The Journal of the British Astronomical Association

Volume 121, No.3: 2011 June

Summary contents page

Detailed contents: Notes and News / Articles / Observers' Forum / Reviews / Letters / Meetings / BAA Update

Cover image
Peter Carson imaged the Crescent Nebula, NGC 6888, using a Tele Vue NP101 f/5.4 refractor. The image is a combination of 80min H-alpha obtained from his home observatory in Leigh-on-Sea, Essex and 30min each RGB from Kelling Heath, Norfolk. See article on p.174.

Notes and News

From the President (David Boyd) / ‘Back to Basics’ in Macclesfield: a huge success! (Tony Morris) / Aurora Section (Ken Kennedy) / Observations of supernova 2011B in NGC 2655 (Guy M. Hurst) / More supernova discoveries for BAA members (Stewart L. Moore) / Solar Section (Lyn Smith) / The BAA archives – an appeal for original material (Dick Chambers) / The Radio Astronomy Group in 2010 (John Cook)

Refereed papers

The transit of Venus, 2012 June 5–6 ... Peter Macdonald

On 2012 June 5–6 there occurs a transit of Venus across the face of the Sun, the second in the current pair of transits, with just the egress being visible from the British Isles. The transit occurs at Venus’ descending node with the planet crossing the northern part of the Sun’s photosphere. For a geocentric observer ingress occurs on June 5 at 22h 10m UT (= Universal Time, which is used throughout this paper) and egress on June 6 at 04h 50m. Figure 1 illustrates the path which Venus appears to take across the Sun for a geocentric observer. In this paper, figures depicting the solar disk have celestial north at the top and Venus moving from left to right. The planet appears as a small black disk approximately 1/32 of the Sun’s diameter, and its position is shown at intervals of one hour.

The opposition of Mars, 2005: Part I ... Richard McKim

This report analyses nearly 14,000 observations by 188 contributors during 2004 November to 2006 July. Compared with its appearance at opposition in 2003, Pandorae Fretum was dark and complete, as a result of Regional dust activity late in the previous apparition, whilst E. Deucalionis Regio and Mare Serpentis had returned to normal. Dust activity was observed around the south polar cap (SPC) periphery in 2005 July-August, especially in association with the decay of the SPC outliers Thyles Mons and Novus Mons. A Regional storm affecting the Hellas-Margaritifer Sinus-Argyre area began about 2005 June 5 (Ls= 225°), and a more significant one began in eastern Valles Marineris on October 17 (Ls= 308°) with independent bursts of activity over Solis Lacus and Aram. This major event caused only small-scale albedo changes: it also deposited dust over the SPC summer remnant. Local post-opposition dust storms were observed in Chryse-Xanthe, Aetheria, NE Arabia and NE Tempe-Mare Acidalium. As in 2003, but in contrast to 2001 and 2007, there was no planet-encircling storm during 2005. An ‘opposition brightening’ was observed upon the slopes of Olympus Mons, the Tharsis Montes and Elysium Mons. Part II will discuss white clouds and polar region phenomena.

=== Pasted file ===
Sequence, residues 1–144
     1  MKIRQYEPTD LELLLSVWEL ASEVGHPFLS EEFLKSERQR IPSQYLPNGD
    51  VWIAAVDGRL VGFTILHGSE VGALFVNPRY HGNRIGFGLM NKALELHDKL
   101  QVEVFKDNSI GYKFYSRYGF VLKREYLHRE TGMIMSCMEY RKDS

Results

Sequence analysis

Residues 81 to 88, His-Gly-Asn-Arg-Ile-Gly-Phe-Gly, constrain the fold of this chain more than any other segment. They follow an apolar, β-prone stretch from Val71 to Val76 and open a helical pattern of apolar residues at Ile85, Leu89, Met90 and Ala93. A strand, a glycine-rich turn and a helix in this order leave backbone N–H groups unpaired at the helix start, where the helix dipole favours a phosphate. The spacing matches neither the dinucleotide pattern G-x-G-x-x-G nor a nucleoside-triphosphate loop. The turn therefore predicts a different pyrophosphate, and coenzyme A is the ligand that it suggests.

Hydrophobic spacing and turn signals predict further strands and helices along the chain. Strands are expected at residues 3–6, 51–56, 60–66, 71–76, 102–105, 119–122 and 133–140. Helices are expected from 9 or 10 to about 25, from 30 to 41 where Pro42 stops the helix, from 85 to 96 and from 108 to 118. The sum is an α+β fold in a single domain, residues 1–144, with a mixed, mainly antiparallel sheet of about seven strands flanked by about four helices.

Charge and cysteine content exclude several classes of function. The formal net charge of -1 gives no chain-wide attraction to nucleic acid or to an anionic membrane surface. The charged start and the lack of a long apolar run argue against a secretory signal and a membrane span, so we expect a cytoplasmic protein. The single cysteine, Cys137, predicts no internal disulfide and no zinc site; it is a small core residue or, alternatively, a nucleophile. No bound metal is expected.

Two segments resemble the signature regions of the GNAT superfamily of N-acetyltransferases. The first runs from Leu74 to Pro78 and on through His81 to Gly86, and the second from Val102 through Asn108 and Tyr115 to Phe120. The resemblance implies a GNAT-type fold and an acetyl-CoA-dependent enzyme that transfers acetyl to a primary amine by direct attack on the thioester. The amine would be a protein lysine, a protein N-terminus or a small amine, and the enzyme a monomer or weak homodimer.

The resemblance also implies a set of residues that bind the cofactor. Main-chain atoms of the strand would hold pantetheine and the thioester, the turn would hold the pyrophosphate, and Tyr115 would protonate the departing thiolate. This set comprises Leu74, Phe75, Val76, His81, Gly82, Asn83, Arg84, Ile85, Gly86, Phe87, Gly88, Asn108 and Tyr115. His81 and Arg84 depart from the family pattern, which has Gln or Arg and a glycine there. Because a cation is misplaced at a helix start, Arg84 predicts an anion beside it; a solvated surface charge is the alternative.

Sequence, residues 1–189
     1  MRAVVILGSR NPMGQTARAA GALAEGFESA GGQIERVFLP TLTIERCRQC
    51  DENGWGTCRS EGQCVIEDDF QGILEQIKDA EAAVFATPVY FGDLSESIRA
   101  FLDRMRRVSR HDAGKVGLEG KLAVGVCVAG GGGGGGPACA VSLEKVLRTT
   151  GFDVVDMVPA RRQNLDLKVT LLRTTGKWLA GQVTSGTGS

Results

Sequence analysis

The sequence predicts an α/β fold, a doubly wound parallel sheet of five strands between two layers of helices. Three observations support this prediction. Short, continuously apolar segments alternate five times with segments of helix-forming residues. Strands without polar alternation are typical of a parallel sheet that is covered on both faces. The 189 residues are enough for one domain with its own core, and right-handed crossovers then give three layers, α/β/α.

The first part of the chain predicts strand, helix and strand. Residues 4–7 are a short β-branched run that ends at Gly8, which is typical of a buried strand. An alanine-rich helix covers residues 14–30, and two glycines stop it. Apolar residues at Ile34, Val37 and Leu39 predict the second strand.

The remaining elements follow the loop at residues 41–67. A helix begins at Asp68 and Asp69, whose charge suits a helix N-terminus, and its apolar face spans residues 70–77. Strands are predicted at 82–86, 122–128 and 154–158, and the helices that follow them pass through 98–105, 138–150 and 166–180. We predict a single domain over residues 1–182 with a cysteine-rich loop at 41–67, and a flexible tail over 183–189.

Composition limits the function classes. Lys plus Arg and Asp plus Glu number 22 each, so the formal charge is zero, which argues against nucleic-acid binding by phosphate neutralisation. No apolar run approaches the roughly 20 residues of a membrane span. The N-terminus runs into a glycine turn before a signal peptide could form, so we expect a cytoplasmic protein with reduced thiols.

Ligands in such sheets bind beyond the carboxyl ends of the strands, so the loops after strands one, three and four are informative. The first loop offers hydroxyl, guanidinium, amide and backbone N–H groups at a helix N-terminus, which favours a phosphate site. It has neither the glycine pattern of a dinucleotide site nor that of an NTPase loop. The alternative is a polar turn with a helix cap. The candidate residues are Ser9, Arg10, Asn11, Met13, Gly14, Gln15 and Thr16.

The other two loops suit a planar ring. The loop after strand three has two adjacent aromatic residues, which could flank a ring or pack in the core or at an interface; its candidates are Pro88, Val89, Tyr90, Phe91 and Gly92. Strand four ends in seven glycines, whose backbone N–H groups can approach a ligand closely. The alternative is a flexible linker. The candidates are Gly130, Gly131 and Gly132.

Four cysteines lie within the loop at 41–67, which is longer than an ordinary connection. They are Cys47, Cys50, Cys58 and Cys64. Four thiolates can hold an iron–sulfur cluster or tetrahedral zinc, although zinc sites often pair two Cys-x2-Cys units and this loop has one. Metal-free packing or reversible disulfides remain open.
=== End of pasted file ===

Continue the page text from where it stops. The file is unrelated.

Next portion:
Discovery and outburst characteristics of the dwarf nova
   ASAS J224349+0809.5
... Jeremy Shears et al.

We report the discovery of a new dwarf nova and observations of its first confirmed superoutburst during 2009 October. The outburst amplitude was 6 magnitudes. The main outburst lasted 17 days and was followed 4 days later by a remarkable rebrightening. Superhumps were present during the main outburst, which confirms that it belongs to the SU UMa family. Analysis of archival data showed that outbursts also occurred in 2005 October, 2006 June and 2007 June. Assuming that the superoutbursts are periodic, we estimate that the outburst period is around 450 days.

Measuring the white dwarf spin period of the intermediate polar
  1RXS J063631.9+353537
... Jeremy Shears & Ian Miller

We report unfiltered CCD photometry of the intermediate polar 1RXS J063631.9+353537, from which we determined the white dwarf spin period as Pspin= 1008.3(5) sec. Such value is consistent with the longer of two possible values of P
spin previously reported by other researchers.

The aurora in the United Kingdom, 19622009 ... R. J. Livesey

In 2009 only one instance of auroral light was reported, a weak apparition in northern Scotland. This prompted an examination of auroral records in the BAA’s possession to see how the aurora has behaved over the years.

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  • Amateur radio astronomy (2nd edn) by John Fielding
    Radio Society of Great Britain, 2011. ISBN 978-1-905-08667-2. pp 375, £16.99 (pbk).
    Reviewed by Paul Hyde
  • The Cambridge atlas of Herschel Objects by James Mullaney & Wil Tirion
    Cambridge University Press, 2011. ISBN 978-0-521-13817-8. pp v + 183, £27.99 (pbk, spiral bound).
    Reviewed by Stewart Moore
  • Discoverers of the Universe: William and Caroline Herschel by Michael Hoskin
    Princeton University Press, 2011. ISBN 978-0-691-14833-5. Pp xvi + 237, £20.95 (hbk).
    Reviewed by Jacqueline Mitton
  • Galileo and 400 years of telescopic astronomy by Peter Grego & David Mannion
    Springer, 2010. ISBN 978-1-4419-5570-8. Pp. ix + 300, £27.50 (pbk).
    Reviewed by Mike Frost

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    BAA Update

  • Obituary: Andrew John Elliott, 1946-2010 ... Richard Miles

  • Observers' Forum

  • ESOP XXIX, York University, 2010 August 20–24 ... Richard Miles
  • NGC 6888, the Crescent Nebula ... Stewart L. Moore
  • Afterglow of a gamma-ray burst ... David Boyd
  • NGC 6888, the Crescent Nebula, imaged by Gordon Rogers, Long Crendon, UK.

    Sky notes for 2011 June & July by Callum Potter

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